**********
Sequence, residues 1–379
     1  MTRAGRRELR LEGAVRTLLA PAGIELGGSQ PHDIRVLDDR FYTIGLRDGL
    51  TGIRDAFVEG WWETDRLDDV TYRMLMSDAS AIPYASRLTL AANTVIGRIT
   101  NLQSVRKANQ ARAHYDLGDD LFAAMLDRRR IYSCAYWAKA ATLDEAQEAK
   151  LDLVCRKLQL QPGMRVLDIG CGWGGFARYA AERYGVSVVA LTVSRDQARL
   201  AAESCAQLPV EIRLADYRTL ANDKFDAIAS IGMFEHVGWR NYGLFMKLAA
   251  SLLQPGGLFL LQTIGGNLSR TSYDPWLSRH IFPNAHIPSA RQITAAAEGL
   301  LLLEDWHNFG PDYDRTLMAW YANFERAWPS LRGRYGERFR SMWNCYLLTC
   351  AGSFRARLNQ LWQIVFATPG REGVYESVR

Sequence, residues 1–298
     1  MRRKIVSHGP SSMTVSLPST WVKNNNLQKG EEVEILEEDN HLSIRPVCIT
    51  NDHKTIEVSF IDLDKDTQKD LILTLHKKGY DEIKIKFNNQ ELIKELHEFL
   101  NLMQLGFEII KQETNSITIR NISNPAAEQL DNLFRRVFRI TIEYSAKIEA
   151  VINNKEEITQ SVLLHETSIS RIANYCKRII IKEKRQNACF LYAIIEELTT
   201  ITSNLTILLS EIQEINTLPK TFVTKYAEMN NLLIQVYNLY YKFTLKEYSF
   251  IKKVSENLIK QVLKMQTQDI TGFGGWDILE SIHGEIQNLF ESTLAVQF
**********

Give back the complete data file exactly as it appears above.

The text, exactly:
Sequence, residues 1–379
     1  MTRAGRRELR LEGAVRTLLA PAGIELGGSQ PHDIRVLDDR FYTIGLRDGL
    51  TGIRDAFVEG WWETDRLDDV TYRMLMSDAS AIPYASRLTL AANTVIGRIT
   101  NLQSVRKANQ ARAHYDLGDD LFAAMLDRRR IYSCAYWAKA ATLDEAQEAK
   151  LDLVCRKLQL QPGMRVLDIG CGWGGFARYA AERYGVSVVA LTVSRDQARL
   201  AAESCAQLPV EIRLADYRTL ANDKFDAIAS IGMFEHVGWR NYGLFMKLAA
   251  SLLQPGGLFL LQTIGGNLSR TSYDPWLSRH IFPNAHIPSA RQITAAAEGL
   301  LLLEDWHNFG PDYDRTLMAW YANFERAWPS LRGRYGERFR SMWNCYLLTC
   351  AGSFRARLNQ LWQIVFATPG REGVYESVR

Sequence, residues 1–298
     1  MRRKIVSHGP SSMTVSLPST WVKNNNLQKG EEVEILEEDN HLSIRPVCIT
    51  NDHKTIEVSF IDLDKDTQKD LILTLHKKGY DEIKIKFNNQ ELIKELHEFL
   101  NLMQLGFEII KQETNSITIR NISNPAAEQL DNLFRRVFRI TIEYSAKIEA
   151  VINNKEEITQ SVLLHETSIS RIANYCKRII IKEKRQNACF LYAIIEELTT
   201  ITSNLTILLS EIQEINTLPK TFVTKYAEMN NLLIQVYNLY YKFTLKEYSF
   251  IKKVSENLIK QVLKMQTQDI TGFGGWDILE SIHGEIQNLF ESTLAVQF